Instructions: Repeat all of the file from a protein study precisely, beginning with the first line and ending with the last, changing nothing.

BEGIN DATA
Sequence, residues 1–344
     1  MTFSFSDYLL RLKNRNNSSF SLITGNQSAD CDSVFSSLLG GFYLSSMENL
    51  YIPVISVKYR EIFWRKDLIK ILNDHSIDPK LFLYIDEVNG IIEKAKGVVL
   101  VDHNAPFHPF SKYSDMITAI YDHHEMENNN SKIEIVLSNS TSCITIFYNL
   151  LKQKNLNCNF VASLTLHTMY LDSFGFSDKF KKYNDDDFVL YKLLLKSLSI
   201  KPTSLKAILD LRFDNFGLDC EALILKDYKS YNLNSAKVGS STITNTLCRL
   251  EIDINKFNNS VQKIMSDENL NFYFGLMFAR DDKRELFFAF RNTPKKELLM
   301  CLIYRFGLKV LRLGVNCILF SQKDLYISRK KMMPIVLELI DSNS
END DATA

Sequence, residues 1–344
     1  MTFSFSDYLL RLKNRNNSSF SLITGNQSAD CDSVFSSLLG GFYLSSMENL
    51  YIPVISVKYR EIFWRKDLIK ILNDHSIDPK LFLYIDEVNG IIEKAKGVVL
   101  VDHNAPFHPF SKYSDMITAI YDHHEMENNN SKIEIVLSNS TSCITIFYNL
   151  LKQKNLNCNF VASLTLHTMY LDSFGFSDKF KKYNDDDFVL YKLLLKSLSI
   201  KPTSLKAILD LRFDNFGLDC EALILKDYKS YNLNSAKVGS STITNTLCRL
   251  EIDINKFNNS VQKIMSDENL NFYFGLMFAR DDKRELFFAF RNTPKKELLM
   301  CLIYRFGLKV LRLGVNCILF SQKDLYISRK KMMPIVLELI DSNS